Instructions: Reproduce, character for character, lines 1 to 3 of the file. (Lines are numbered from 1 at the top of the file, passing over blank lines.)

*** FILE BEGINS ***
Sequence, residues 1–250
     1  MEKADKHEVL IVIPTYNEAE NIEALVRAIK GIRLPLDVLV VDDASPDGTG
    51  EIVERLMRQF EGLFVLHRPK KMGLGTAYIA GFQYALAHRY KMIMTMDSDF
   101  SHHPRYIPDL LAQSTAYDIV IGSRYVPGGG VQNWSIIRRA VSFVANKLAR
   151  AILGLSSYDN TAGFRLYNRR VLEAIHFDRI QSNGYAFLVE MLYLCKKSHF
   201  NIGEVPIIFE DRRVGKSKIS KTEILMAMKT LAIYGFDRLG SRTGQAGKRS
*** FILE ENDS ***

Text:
Sequence, residues 1–250
     1  MEKADKHEVL IVIPTYNEAE NIEALVRAIK GIRLPLDVLV VDDASPDGTG
    51  EIVERLMRQF EGLFVLHRPK KMGLGTAYIA GFQYALAHRY KMIMTMDSDF